Perhaps horse riders could be asked to ride to the side of the unnecessary bitumen track. End of the day it’s not that hard to go around some horse poo. And end of the day it’s currently a whole lot of money being spent for no economic gain.

    I can’t see bike riders and joggers doing the whole thing, spending money along the way. Allow horses and you may have a chance of attracting city horsey folk out into the bush for a week enjoying some coffee and local produce along the way.

  4. Newsdesk  December 12, 2018

    Horses are allowed on the Yarraman-Nanango section, the same as they are on the rest of the BVRT and the Murgon-Kilkivan section of the trail. The only reason horses are not allowed on the section between Kingaroy and Murgon is that it crosses the Tick Line.

  5. Andrew Fisher  December 12, 2018

    This is great news! I was planning to do some of the BNT in the new year but will plan to ride this on the bike instead. Does anyone know when it will open in the first quarter?

  6. Jeff Bennett  December 13, 2018

    Yaaaaaay! ….. this so needs to happen! It will be so good to have all the trails linked – people will be able to do multi-day tours! I hope a camping spot will be able to be included in the section too, and I will look forward to riding from start to finish on all these trails once completed. Well done to get this happening.

    The next step would be to be able to have the trail system continue on to Theebine and finally finish up at Gympie. This would provide a great finishing point for people doing a multi-day tour to resupply their stores. It would also be a great pick-up point (if needed). Gympie also has the Mary Valley Rattler to link up the rail trail theme and promote tourism in the South Burnett and Wide Bay areas.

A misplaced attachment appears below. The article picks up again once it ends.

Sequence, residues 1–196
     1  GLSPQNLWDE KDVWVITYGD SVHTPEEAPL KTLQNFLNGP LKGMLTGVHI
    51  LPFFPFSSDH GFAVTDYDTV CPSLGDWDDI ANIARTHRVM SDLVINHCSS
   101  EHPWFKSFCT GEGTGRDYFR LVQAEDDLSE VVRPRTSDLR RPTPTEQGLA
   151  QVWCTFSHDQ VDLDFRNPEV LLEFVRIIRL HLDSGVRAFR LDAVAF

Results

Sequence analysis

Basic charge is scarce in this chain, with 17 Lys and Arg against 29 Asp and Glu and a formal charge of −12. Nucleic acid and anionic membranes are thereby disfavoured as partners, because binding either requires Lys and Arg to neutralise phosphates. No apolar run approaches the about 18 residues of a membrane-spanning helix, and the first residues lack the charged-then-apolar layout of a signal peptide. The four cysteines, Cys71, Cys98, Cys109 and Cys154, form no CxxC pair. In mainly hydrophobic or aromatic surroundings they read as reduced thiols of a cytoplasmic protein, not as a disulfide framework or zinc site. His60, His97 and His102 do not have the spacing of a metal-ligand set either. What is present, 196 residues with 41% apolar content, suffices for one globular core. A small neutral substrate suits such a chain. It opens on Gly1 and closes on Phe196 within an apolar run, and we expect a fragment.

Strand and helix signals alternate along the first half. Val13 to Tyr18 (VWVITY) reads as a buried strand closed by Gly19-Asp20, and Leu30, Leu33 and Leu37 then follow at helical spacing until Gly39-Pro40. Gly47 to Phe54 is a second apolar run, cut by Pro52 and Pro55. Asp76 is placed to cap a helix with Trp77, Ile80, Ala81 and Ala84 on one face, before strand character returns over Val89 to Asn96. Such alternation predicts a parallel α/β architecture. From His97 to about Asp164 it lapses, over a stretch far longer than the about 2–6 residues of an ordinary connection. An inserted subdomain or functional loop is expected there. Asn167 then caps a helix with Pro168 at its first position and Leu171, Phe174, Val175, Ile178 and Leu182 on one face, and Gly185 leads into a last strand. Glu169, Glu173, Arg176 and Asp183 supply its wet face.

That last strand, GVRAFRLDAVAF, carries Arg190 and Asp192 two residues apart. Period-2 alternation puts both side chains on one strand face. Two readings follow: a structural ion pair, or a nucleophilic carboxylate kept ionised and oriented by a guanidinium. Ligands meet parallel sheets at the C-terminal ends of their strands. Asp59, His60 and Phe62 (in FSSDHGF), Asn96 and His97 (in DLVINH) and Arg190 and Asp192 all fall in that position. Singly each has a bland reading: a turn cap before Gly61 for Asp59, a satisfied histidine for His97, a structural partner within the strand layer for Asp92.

7. Ric Moffet  December 14, 2018

    Someone commented that they don’t see cycle riders doing the whole trail. I beg to differ. I see a lot cyclists trying to find a safe haven to ride away from cars. I, myself, tour very long distances as do many Australians and visitors, as well. And this trail will be a welcome relief in that aspect. I personally would stealth camp on the trail, and it would be part of a longer trip for me. And, yes, horses also need a safe place to ride away from traffic. It is not only cycle tourists that will use it, their will be Randonneurs, gravel, cyclocross and mtb. All will wish to ride the whole trail. It may not be as hard as the Munda Biddi, or as famous, but it will be a drawcard for Queensland as is the Munda Biddi is for WA.

  8. Robert Head  December 14, 2018

    Congratulations to Nanango Heritage Community Branch for supporting this worthwhile project.

    I have a comment on the route. The original survey from Nanango to Yarraman did not follow the stock route through the Din Din forestry but was close to the current highway. One can still see the remnants of the survey from the highway.

  9. Carolyn Ivanac  December 15, 2018

    Sounds awesome 😀. Then you can all stop at Yarraman Bakery and have a pie.

  10. Bill D'Arcy  February 20, 2020

    Two volunteers (George Winter and Bill D’Arcy) have logged the geology along the Brisbane Valley Rail Trail in 2018, and the Kilkivan-Kingaroy Rail Trail on behalf of the Geological Society of Australia – Queensland Division. The logs are at the pre-publication stage (pamphlet, booklet, or mobile phone app?). The Link Trail would be a very worthwhile addition to the GSAQ logging Project.

    We will be presenting a talk at GSAQ’s Feb 23rd General Meeting in Brisbane, and will recommend that the Committee endorse this logging as GSAQ Project.

  11. Bill Kearney  February 23, 2020

    Noting the comments about horses. As part of the Bio Security plan for the Cloyna Trail Ride we were required to investigate the requirements of crossing the tick line. It appears that horses are a second class host and not as susceptible to ticks as cattle. This apparently is due to the fact that horses sweat and ticks do not like that environment.

    It appears that the only requirement when crossing the line was an examination of the horse by the rider.

    This can be confirmed by talking to the DPI and establishing exactly the what the story is.